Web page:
This 1992 military courtroom drama places Tom Cruise, a green military court martial, in the position of defending two Marines accused of killing a colleague. Known for his reputation as a pleas bargainer, Kaffee decides to take the case to court after uncovering inconsistencies in testimony during investigation. Made famous by the line, “you can’t handle the truth,” A Few Good Men is the story of the intricate chain of command and what it means to be a soldier.
3. Joe Miller, Philadelphia
Denzel Washington portrays a personal injury lawyer in this 1993 drama, one of the first mainstream films to address the stigma of HIV/AIDS. Tom Hanks plays the plaintiff, who is a high-ranking corporate lawyer who loses his job after a colleague recognizes a lesion on his forehead consistent with a complication from AIDS. Miller, a germophobe, at first declines Hanks’ case for fear of contracting the disease. Eventually, Miller overcomes his fear and takes on the firm that wrongfully terminated his client. A tale of discrimination and overcoming fear of the unknown to deliver justice, Philadelphia was nominated for Best Original Screenplay.
4. Michael Clayton
George Clooney shows his cynical side in this 2007 film about the darker side of agribusiness. Clayton, deemed a “fixer” because of his knowledge of legal loopholes, is brought in to defend a class action lawsuit against U-North, a large agricultural conglomerate. Clooney is pulled into a web of deceit as he struggles to find the answers to the mysterious circumstances surrounding the death of the previous lawyer on the case. Confronted with the evidence that U-North was knowingly using a carcinogenic agent on its crops and battling his own personal demons, Clayton has to decide whether or not he should make a stand.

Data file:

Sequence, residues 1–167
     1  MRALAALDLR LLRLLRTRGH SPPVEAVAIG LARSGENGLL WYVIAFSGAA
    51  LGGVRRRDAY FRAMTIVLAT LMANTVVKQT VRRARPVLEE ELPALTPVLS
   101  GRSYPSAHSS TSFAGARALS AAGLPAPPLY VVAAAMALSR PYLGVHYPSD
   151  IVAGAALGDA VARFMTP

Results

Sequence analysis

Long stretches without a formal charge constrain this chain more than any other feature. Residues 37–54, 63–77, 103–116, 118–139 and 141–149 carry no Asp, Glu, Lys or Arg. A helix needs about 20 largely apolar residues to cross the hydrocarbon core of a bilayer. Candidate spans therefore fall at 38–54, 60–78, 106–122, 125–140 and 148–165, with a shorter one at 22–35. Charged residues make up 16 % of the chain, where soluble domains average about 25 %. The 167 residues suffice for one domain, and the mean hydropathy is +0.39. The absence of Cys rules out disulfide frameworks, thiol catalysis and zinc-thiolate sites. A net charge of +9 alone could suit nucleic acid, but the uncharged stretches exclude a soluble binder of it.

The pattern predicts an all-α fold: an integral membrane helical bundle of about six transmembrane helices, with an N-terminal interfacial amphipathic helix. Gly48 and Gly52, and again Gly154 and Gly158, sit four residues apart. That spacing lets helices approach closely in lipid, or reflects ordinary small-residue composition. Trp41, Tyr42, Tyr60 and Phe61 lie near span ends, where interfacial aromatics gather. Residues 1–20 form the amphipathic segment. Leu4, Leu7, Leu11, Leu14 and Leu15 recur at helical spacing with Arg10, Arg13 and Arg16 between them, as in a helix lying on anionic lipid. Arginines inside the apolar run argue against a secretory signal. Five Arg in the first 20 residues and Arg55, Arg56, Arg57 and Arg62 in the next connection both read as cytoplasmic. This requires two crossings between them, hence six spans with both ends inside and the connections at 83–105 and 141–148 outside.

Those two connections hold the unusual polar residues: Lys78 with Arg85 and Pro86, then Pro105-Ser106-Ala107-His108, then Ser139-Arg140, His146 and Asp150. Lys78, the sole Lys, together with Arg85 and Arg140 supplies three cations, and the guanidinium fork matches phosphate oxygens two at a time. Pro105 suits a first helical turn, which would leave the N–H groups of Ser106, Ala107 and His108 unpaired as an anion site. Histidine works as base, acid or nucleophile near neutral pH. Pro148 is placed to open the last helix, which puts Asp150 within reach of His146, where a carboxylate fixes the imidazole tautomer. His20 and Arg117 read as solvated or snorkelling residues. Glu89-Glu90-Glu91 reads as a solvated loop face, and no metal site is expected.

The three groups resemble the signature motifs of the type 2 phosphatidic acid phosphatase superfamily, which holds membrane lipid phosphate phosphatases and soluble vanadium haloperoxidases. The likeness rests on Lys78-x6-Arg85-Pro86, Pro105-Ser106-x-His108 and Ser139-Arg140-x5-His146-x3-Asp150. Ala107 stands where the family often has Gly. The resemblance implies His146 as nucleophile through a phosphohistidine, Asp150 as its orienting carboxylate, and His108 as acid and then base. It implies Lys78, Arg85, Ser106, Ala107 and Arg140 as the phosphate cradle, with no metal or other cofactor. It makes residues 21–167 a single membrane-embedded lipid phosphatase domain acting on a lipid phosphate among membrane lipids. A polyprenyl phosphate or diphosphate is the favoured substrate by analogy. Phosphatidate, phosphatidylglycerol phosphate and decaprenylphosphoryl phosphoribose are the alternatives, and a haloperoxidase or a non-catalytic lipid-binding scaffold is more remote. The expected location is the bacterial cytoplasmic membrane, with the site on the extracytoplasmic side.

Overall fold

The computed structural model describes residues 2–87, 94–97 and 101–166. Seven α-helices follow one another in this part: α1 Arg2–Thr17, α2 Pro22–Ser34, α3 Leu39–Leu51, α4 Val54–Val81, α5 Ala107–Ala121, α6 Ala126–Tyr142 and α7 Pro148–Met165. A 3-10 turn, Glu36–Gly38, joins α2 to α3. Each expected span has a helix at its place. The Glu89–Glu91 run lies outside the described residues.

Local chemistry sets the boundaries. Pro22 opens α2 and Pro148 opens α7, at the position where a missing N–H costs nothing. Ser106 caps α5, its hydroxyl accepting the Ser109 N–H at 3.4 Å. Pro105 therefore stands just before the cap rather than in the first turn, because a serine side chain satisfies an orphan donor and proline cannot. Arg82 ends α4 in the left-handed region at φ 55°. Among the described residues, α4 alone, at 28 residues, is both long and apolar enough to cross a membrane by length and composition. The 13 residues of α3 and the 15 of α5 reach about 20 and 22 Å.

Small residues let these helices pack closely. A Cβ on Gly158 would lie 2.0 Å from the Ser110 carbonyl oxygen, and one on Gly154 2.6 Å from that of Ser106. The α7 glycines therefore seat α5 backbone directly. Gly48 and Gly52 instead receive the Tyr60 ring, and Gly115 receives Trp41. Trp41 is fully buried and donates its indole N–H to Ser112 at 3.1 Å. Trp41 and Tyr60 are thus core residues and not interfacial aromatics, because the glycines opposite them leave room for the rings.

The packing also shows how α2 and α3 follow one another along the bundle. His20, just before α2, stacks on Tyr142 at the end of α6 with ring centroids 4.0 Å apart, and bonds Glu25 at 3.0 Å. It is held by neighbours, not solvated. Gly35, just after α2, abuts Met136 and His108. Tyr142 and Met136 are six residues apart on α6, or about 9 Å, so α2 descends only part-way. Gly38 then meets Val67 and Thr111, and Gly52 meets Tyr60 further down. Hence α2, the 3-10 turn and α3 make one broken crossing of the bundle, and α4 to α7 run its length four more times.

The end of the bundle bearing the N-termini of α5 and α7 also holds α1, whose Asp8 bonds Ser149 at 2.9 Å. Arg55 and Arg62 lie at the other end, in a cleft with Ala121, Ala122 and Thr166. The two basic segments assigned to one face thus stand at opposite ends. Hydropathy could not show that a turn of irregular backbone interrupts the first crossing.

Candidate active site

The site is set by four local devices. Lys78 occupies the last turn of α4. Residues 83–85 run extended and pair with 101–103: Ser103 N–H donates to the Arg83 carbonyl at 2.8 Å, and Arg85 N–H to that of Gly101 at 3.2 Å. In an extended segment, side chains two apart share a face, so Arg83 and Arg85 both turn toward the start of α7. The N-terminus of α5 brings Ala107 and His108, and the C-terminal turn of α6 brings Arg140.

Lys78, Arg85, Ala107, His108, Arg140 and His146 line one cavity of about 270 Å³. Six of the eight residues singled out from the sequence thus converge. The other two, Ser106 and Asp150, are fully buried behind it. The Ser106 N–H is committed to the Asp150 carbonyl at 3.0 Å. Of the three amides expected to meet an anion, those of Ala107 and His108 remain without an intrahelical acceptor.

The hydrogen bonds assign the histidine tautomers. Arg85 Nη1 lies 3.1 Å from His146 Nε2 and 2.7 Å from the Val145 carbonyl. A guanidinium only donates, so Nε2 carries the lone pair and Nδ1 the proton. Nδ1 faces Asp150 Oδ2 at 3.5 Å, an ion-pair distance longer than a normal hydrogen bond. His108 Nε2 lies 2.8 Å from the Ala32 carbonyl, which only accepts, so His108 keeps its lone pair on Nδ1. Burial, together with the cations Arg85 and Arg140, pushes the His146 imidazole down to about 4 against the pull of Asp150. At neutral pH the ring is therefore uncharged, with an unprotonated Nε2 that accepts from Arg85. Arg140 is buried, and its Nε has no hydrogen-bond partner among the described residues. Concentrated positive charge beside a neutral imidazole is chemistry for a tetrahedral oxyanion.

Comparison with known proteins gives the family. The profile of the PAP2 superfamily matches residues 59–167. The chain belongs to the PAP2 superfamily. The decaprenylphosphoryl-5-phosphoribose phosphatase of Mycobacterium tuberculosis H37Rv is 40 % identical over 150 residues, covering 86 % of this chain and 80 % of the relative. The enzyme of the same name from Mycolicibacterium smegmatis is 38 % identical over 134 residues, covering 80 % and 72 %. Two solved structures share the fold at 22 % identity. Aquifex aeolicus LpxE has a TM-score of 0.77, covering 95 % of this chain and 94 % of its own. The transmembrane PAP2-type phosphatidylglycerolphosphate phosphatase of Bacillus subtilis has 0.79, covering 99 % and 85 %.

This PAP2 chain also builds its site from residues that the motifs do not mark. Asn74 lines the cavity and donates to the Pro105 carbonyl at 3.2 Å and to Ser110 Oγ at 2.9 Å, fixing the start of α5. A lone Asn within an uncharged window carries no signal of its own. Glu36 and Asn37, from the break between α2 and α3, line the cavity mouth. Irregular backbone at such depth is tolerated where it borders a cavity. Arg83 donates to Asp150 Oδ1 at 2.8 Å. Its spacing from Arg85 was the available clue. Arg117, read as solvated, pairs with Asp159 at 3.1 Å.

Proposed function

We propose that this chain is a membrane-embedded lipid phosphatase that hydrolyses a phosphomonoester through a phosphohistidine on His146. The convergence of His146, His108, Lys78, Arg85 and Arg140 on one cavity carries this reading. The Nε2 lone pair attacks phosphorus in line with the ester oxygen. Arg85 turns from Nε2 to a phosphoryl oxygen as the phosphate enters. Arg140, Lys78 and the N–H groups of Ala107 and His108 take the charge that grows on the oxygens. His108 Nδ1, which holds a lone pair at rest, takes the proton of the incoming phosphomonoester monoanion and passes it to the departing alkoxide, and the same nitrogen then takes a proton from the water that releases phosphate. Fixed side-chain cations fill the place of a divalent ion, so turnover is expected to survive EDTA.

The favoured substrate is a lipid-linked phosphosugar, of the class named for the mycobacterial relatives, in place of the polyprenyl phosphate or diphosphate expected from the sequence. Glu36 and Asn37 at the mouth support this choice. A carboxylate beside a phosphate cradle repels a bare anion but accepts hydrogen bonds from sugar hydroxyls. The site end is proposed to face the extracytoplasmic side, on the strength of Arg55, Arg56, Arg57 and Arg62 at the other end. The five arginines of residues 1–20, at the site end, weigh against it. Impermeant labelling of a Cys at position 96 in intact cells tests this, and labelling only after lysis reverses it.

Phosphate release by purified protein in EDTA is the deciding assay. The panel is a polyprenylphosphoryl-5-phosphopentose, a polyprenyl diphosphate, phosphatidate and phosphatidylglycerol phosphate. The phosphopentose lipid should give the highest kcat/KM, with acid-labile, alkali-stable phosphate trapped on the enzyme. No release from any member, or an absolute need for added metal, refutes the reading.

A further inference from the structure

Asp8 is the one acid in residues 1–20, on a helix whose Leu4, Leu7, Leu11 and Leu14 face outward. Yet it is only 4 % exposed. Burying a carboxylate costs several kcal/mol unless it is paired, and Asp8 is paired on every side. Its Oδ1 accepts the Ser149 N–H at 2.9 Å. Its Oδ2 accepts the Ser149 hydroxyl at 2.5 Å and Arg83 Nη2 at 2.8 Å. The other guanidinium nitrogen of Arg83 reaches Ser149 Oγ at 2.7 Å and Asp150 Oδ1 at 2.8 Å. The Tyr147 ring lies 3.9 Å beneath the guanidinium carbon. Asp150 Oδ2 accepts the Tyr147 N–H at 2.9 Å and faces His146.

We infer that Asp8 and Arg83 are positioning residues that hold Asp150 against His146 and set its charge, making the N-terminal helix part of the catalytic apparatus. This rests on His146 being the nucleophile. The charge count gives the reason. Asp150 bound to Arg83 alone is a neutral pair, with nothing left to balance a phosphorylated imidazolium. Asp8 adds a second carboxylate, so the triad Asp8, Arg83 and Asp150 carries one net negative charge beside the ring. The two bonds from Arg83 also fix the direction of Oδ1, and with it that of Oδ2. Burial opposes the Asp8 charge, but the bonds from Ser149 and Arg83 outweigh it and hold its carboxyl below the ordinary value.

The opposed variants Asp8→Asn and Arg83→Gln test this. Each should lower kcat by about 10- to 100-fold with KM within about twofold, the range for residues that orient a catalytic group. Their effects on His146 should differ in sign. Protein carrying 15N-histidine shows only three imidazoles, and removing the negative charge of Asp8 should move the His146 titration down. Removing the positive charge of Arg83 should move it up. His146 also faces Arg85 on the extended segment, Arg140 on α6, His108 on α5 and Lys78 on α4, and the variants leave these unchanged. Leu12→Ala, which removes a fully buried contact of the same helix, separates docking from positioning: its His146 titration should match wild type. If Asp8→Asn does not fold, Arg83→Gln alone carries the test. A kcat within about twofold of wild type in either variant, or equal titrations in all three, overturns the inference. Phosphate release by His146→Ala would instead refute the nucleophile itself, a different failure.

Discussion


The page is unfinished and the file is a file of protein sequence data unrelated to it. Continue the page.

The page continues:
5. Jack McCoy, Law and Order
Portrayed by Sam Waterson, McCoy is one of the longest running lawyers to grace the small screen. So popular that his character was named a “Living Landmark” by the New York Land Conservancy, McCoy is known for his tendency to go rogue. A passionate fighter for justice, McCoy has been found in contempt of court and accused of mocking a witness to achieve his ends.
6. Saul Goodman, Breaking Bad
From his cheesy tagline “Better Call Saul” to his bench ads, Bob Odenkirk’s tongue-in-cheek portrayal of criminal lawyer Saul Goodman makes him a somewhat comic element in the otherwise dark AMC series Breaking Bad. As an attorney for Walter White, Goodman is often portrayed as a flamboyant, over-the-top lawyer who is hard to take seriously. Behind the charade, Goodman is actually a highly competent litigator who uses legal loopholes to his advantage to secure favorable outcomes for his clients.
Did we give you something new to watch this weekend? Grab some popcorn and fire up Netflix, because these are performances you will not want to miss.